Currently, you can find millions of things to buy on eBay. From clothing to cologne, it seems anyone can sell almost anything. But listing an item for sale is just the first step in starting a successful business as a seller.
Recently, one of our buyers asked for some tips on how he could start his own store, and we thought the information might be interesting to others:
Nik and I started selling stamps about 12+ years ago as a hobby. Nik had collected since he was a kid. We started out selling some of his duplicates to pay for the stamps he wanted to purchase. Then we started buying small accumulations to break down and sell.
It was a part time thing – One group of listings a week closing on Sundays. We slowly added a few more listings here and there, but it was always just a part time hobby.
We moved to Maryland and it was put on the shelf for a few years until an old friend from Nashville asked us to sell his collection for him. Then one of our customers asked about consignment and we took on his collection – It took about 18 months to sell.
At this point we were listing about 4-5 days a week. And it just grew. With the consignment monies, we were able to purchase more collections to break down and sell. So for the past 4 years we have been selling stamps full time. It is a lot of work, but we wouldn’t trade it for anything.
Creating a business / career out of selling stamps was not our intent, but with the growth we experienced, it seemed like the right thing to do. We now list about 100 auctions a day and maintain about 400-500 fixed price listings.
I am happy to share what works for us:
It's Only Worth What Someone Will Pay for It
One thing we have done is trained our thought process regarding value.
You can have a stamp worth $1000, but if no one is going to pay that for it, is it really worth $1000? A good way to look at things is to take what you pay for a collection and then determine what a stamp cost you. If you paid $10 for a stamp worth $100 and you sell it for $25, you have more than doubled your money. I admit sometimes this isn’t easy, but keeping cost v.s value in mind helps.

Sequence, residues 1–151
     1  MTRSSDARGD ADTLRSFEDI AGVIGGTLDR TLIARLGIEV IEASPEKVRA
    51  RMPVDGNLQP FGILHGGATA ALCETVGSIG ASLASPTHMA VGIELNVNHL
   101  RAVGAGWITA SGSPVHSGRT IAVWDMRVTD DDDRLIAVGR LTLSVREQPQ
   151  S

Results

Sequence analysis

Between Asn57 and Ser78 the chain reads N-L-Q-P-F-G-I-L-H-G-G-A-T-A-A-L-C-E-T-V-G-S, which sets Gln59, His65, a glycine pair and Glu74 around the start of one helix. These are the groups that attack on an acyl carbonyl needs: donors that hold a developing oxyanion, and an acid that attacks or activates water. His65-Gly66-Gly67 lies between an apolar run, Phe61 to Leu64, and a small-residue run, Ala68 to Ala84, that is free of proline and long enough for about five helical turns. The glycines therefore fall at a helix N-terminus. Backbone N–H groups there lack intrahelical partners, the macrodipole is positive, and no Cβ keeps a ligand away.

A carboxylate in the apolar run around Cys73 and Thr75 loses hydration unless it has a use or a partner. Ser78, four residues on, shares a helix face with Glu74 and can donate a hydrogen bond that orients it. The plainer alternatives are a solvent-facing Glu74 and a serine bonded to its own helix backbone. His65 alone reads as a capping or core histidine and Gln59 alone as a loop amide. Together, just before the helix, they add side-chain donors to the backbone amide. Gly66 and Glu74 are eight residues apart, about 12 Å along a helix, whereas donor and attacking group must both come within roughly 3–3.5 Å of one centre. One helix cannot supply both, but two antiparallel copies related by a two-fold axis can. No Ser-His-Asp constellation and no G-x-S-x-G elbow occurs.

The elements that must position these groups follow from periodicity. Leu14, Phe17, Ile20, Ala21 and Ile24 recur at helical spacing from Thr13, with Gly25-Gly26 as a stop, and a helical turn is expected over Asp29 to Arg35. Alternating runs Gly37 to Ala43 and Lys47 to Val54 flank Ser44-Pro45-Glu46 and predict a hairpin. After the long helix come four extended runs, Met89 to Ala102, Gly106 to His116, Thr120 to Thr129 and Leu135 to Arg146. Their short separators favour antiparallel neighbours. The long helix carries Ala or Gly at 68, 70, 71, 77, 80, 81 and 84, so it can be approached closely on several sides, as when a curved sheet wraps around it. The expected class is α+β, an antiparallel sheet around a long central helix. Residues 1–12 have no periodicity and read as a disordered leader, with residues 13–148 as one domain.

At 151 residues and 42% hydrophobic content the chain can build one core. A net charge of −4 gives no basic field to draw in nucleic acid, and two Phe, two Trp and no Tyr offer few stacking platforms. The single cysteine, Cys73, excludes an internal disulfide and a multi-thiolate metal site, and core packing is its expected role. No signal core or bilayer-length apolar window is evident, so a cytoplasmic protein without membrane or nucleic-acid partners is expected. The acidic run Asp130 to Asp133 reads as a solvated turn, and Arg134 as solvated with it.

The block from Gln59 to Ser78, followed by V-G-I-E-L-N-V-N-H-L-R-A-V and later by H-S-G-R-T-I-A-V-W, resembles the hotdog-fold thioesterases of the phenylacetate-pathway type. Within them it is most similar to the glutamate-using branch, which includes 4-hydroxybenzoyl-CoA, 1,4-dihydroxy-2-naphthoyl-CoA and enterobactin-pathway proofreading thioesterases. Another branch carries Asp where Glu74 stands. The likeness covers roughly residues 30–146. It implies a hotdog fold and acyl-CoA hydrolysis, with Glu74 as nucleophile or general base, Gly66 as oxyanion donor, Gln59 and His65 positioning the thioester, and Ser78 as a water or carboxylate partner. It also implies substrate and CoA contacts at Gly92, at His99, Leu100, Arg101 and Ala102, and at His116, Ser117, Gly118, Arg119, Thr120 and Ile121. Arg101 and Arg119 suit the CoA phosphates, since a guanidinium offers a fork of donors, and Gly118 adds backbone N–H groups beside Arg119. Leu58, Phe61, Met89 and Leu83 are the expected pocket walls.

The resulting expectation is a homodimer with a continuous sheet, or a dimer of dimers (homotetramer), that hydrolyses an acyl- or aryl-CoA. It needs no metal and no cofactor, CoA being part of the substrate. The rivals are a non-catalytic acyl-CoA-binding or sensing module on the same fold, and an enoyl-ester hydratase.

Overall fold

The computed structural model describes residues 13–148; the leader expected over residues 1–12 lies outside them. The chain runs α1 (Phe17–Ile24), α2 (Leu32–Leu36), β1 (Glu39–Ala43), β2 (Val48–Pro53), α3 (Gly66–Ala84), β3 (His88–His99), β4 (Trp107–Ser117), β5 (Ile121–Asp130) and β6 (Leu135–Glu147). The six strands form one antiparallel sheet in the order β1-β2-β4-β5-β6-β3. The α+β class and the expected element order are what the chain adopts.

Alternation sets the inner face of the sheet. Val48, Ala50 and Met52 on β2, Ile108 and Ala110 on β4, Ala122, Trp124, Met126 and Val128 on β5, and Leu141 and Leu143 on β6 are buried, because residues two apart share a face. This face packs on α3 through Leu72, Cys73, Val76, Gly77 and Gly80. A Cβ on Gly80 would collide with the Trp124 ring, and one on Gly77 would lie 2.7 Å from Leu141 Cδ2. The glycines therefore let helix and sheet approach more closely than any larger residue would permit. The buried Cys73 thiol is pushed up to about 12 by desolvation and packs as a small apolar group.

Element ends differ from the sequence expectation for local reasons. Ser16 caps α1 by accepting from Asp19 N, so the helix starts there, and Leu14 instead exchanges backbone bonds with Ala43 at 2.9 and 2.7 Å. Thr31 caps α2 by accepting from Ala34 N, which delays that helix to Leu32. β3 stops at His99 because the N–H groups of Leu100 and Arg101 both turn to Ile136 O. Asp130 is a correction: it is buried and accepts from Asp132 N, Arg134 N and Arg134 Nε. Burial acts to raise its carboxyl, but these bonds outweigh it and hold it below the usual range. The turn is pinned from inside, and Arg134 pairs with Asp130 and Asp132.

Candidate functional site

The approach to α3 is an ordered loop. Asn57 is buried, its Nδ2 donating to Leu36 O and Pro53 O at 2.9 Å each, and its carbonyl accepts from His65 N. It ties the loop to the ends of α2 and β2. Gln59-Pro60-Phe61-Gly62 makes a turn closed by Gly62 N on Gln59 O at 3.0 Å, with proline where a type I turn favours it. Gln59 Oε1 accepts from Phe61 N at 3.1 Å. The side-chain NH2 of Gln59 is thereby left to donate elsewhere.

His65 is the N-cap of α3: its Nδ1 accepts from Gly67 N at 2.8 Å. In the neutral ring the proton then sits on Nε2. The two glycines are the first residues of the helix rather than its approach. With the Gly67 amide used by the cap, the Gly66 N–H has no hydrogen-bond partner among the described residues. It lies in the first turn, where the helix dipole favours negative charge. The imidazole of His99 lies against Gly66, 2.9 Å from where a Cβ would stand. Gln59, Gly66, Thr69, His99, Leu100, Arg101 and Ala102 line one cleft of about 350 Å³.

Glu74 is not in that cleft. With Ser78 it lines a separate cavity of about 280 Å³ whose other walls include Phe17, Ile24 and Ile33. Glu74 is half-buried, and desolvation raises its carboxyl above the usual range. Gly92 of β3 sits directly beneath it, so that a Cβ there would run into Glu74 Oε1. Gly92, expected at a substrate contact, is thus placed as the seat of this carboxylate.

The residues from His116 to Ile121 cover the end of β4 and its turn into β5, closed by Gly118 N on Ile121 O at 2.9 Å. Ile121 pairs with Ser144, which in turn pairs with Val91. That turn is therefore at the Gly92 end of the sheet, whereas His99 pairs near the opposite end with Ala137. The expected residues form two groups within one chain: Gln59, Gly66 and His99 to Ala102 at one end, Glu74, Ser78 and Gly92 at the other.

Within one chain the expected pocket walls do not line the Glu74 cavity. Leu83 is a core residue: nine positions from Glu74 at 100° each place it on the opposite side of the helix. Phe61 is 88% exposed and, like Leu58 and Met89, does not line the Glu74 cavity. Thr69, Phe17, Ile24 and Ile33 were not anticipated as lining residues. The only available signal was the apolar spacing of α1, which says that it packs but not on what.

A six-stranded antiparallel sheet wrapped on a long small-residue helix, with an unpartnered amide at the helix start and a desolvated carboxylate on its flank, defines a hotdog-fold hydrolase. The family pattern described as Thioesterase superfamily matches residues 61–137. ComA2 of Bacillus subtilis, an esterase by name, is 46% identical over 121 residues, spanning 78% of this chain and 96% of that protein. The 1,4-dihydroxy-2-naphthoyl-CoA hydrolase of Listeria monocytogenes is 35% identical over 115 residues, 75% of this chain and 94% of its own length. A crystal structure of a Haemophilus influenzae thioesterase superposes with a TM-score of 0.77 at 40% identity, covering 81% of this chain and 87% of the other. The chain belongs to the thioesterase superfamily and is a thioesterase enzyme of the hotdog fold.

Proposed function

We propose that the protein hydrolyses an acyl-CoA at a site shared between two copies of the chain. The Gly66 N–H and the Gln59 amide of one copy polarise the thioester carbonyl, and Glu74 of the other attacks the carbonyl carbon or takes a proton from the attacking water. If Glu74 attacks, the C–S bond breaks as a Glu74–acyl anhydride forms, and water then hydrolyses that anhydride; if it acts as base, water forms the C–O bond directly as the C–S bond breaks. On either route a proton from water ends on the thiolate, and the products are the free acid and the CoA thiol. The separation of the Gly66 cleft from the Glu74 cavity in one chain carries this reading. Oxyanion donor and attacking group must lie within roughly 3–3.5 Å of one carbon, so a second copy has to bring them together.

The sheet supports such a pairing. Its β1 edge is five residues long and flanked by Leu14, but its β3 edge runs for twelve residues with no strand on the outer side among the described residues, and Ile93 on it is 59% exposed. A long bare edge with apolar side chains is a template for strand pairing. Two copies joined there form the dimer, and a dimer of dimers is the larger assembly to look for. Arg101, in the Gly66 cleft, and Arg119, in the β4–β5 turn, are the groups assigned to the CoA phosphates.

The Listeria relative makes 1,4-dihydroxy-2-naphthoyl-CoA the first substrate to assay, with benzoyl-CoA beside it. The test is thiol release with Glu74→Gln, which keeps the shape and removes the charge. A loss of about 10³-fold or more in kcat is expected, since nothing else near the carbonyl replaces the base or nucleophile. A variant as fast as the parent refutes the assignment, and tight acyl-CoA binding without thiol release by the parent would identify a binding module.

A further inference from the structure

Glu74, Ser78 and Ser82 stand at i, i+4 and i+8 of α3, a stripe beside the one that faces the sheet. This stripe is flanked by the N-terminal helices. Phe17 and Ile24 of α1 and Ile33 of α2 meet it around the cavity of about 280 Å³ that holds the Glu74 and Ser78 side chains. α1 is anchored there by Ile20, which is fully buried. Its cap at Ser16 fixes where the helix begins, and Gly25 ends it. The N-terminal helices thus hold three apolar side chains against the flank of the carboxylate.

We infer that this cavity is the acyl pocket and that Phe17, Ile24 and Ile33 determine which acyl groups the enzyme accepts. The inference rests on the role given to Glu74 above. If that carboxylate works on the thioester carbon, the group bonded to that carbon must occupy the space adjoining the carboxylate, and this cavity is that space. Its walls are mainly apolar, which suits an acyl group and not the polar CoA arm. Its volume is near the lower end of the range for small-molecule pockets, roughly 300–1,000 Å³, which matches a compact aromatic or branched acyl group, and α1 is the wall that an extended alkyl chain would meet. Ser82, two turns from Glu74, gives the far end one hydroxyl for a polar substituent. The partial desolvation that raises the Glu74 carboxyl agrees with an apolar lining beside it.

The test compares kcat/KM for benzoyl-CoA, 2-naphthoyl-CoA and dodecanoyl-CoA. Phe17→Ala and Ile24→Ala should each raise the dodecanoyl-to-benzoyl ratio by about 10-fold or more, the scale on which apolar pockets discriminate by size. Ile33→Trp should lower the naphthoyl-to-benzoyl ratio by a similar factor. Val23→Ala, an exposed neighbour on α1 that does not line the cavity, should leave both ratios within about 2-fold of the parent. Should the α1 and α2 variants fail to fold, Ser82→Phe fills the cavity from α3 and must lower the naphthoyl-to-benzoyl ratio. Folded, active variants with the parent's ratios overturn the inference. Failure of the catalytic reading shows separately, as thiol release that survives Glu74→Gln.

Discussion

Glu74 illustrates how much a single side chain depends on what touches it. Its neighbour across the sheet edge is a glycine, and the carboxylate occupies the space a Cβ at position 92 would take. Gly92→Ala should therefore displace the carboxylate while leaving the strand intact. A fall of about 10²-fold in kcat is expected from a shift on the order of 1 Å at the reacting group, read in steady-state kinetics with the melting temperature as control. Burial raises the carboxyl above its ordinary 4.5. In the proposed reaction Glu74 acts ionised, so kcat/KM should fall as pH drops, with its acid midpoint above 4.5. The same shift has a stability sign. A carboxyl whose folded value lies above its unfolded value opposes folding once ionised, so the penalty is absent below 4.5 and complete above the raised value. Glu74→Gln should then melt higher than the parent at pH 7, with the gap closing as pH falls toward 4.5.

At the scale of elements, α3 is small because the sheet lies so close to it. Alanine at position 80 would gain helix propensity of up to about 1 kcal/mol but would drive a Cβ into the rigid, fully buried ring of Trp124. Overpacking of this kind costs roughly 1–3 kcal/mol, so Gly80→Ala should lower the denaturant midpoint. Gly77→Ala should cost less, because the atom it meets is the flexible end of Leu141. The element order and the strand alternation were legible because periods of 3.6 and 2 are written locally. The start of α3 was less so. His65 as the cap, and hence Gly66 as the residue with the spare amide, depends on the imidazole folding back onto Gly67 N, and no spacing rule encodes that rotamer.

Determine Your Minimum
Find a starting point for your auctions – we start all of our auctions at a penny. This is difficult for many sellers to do, but we have found it works for us. The important thing is that you have to be comfortable with whatever starting price you pick, as there is a chance your item will sell for that. If you are uncomfortable with letting the market set the price, try out some fixed price items first.
Provide Amazing Customer Service
- Describe your items accurately. If there are any faults – describe them.
- Provide good images – we scan at 600dpi for single stamps, 300 dpi for sets, 1200 dpi for special items.
- Label your items. This helps both you and the buyer identify the item.
- Take time to package your items with care.
- Communicate promptly.
- Keep fees reasonable. I find most people do not complain about the shipping charge ($2) when they see that the label cost me $1.93.
Know Your Costs
Do a cost analysis to see if achieving top rated status is financially beneficial. With part time sellers it may not be as the fees may be more than the discount received.
If you are using postage for shipping instead of labels, look for discounted postage lots. We get ours at a discount off face value, which helps keep shipping cost down a bit.
Always Be Improving
Be willing to adjust your business model. We are continually looking at the way we do things and making adjustments as needed so things run more smoothly.
Get 5 more great tips from Christina DesMarais with Inc.com HERE! Good luck getting your business started!
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- Tags: collector, cost, customer service, Ebay, hobby, OquistStamps, Philately, selling, stamping, stamps